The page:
When the SAR teams were combined into four groups, we picked two to place the trackers on. I placed all of my gear in an ALICE pack with one team and Mike placed his radio in a backpack, leaving the GPS for use by the team. We found out that we could change the coordinates displayed to UTM on the Garmin III and still have the correct information for APRS coming from its data port. Both coordinate systems were being used, which was very interesting, and confusing for the CC. APRS helped clarify this later in the exercise.


As it turned out, the tracking of the teams worked flawlessly! The scenario was for lost canoers and we had to place two teams across the creek from the CC to search up and down stream. The two other teams were on this side of the creek. We were not far below a dam and the search was not expected to last very long. 4 hours max. However, as the exercise progressed the dam let out a huge flow of water and we had two teams trapped on the other side! The creek became a river, the only way out was either up a 400 foot cliff face or across the river. One of the teams opted for climbing, the other couldn't do the same and required crossing the creek. Our exercise became "real world" in a hurry! As it turned out the team that had my equipment on them was the team going to cross the creek. We were able to watch and the team as they moved up and down the river trying to find a safe crossing point. Once they located a spot we used APRS to get an exact location of the team before heading off to find them. Water rescue teams were called in to bring the group across and it went without a hitch.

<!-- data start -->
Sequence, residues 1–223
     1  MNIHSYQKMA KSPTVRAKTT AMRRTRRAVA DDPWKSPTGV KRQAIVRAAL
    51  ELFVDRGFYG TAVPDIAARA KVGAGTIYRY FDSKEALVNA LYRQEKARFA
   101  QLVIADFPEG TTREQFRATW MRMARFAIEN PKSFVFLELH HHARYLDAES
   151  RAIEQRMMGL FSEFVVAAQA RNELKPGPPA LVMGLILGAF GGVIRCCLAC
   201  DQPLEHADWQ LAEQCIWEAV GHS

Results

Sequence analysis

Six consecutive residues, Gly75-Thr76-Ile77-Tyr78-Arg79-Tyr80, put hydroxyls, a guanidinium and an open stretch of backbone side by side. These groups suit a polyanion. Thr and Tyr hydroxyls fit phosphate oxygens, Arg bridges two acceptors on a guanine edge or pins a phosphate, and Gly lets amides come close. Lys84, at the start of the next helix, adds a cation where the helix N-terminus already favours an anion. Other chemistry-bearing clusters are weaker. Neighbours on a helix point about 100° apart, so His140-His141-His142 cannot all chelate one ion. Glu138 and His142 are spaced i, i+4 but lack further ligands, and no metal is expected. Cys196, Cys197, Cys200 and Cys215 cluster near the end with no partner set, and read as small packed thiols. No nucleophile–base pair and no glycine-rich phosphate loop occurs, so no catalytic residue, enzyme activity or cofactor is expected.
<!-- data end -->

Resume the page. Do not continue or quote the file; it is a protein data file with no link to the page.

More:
After the exercise turn real world rescue operation, we were able to replay the tracks and shown how well the system worked. Many of the SAR folks were very impressed and we expect to hear from them soon as they add APRS to their equipment.